Business News of 2014-04-03

Comment: Weaning Ghana off its addiction to the dollar (Part 2)

Clearly, Bank of Ghana’s new restrictions on foreign currency-denominated loans, repatriation of export proceeds, margin accounts for import bills and revised operating procedures for forex bureaus will take some time to work their way through the system.
Still, more needs to be done. In Israel, for instance, a conscious effort was made to deepen the market for local-currency denominated bonds. Ghana could do the same by creating and promoting new domestic financial markets that trade predominantly in cedis.
External factors beyond the central bank’s control
In February, the central bank of Ghana said it was motivated to take action, not only to stabilise the cedi, but also stem the inflationary consequences of the depreciating currency on the economy. At least, in the short term, it appears the central bank’s actions succeeded in stabilising the cedi, which had been in free fall since the last quarter of 2013. But it remains to be seen if the measures are sustainable.
While it admits it could do more, the Bank of Ghana believes there are external factors that could further influence the fate of the cedi going forward, chief among them, the ongoing tapering in asset purchases in the United States and fallen commodity prices.
In a recent bulletin, the BoG noted that many emerging and developing economies had suffered a reversal of capital flows and volatility in currencies and equity markets due to the U.S. tapering measures. It cited the Turkish Lira and the Argentina Peso among the hardest hit currencies.
Without question, the tapering in the United States has had an impact on the cedi’s depreciation against the dollar because the process has resulted in shrinking the supply of dollars around the world. Specifically, the U.S. Federal Reserve has curtailed its bond purchases, resulting in a surge in U.S. rates and yields. According to experts, the rising rates make U.S. bond investments more attractive, which helps strengthen the dollar.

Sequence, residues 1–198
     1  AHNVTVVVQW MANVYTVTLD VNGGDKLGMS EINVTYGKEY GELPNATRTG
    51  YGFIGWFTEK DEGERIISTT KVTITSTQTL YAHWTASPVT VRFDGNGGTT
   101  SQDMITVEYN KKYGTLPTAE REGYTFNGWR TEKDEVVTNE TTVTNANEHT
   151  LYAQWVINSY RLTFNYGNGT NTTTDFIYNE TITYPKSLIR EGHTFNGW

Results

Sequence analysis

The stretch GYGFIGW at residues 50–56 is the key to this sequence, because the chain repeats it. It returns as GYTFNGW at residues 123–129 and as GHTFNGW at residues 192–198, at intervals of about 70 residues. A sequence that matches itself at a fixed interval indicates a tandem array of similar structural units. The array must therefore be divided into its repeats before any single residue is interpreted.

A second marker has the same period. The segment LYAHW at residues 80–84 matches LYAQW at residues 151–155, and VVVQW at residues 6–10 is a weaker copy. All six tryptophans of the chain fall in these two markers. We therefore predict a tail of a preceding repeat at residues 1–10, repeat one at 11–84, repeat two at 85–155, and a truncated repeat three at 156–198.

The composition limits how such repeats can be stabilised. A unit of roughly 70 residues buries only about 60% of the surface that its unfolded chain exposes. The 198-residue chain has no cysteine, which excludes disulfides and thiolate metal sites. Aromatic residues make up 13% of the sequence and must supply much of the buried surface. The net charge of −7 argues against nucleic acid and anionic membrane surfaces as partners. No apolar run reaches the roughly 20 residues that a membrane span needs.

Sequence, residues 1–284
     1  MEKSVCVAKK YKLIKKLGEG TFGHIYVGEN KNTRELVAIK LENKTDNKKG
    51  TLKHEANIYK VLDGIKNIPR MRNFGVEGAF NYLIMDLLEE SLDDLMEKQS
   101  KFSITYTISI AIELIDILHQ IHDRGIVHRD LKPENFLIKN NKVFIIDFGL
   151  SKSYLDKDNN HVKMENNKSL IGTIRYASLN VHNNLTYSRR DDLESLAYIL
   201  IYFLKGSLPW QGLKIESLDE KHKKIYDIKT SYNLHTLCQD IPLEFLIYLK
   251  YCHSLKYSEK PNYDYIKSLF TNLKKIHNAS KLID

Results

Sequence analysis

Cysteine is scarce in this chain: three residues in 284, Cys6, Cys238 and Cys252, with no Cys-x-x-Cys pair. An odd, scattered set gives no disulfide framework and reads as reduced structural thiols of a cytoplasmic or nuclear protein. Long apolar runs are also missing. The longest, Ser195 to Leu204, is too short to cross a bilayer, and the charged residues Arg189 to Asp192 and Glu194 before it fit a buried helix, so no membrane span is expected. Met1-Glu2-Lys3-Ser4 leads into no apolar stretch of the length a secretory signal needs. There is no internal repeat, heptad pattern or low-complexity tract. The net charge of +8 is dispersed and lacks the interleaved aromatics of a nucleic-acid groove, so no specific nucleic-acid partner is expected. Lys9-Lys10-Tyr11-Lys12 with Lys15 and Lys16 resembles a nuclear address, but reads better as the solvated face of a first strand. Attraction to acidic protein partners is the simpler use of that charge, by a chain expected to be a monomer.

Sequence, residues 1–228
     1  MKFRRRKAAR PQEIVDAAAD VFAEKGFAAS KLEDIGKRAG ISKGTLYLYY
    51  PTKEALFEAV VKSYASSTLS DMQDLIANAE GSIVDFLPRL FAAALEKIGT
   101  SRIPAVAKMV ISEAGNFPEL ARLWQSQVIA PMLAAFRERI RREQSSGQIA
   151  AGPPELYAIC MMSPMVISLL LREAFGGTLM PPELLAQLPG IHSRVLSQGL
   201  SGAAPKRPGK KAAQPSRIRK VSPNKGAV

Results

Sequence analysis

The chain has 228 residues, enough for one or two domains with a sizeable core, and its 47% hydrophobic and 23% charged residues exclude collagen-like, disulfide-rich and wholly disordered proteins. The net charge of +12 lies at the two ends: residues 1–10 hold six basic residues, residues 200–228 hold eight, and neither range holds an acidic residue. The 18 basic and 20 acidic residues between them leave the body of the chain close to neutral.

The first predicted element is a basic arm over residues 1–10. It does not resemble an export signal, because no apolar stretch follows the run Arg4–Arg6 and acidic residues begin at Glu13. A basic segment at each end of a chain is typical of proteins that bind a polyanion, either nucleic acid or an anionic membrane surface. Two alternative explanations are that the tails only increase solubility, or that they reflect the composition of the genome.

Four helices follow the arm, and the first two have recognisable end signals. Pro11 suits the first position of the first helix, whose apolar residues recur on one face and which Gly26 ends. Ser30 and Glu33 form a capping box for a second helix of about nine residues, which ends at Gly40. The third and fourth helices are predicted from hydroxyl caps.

Ghana has limited control over such measures. The same might be true for global commodity prices. According to the Bank of Ghana, the fall in commodity prices for gold, crude oil and cocoa is also having a significant impact on economic growth.
While all of these are driving factors, it is also a fact that developing economies often experience high and unstable inflation rates when their governments embark on unrestrained spending activities.
The fact is that business is easier to conduct when a stable currency is used, and that is the primary reason many investors and local businesses in Ghana prefer the U.S. dollar the cedi.
The measures the BOG is pursuing to stabilise the cedi need to be implemented in a systematic and holistic manner and must increasingly involve engagement with the local business and investment communities. It must not be forced or abrupt.
A good example of this is the complications created by the government’s increasing wage bill. While it is true that public sector compensation drives both local and foreign investment, the apparent fiscal imbalance created also makes it imperative for the government to fully understand and be able to quantify the pass-through effects of policies before they are implemented.
By: Research desk, City Investments Company
« Previous | Next »
View Comments
News Categories
Site Menu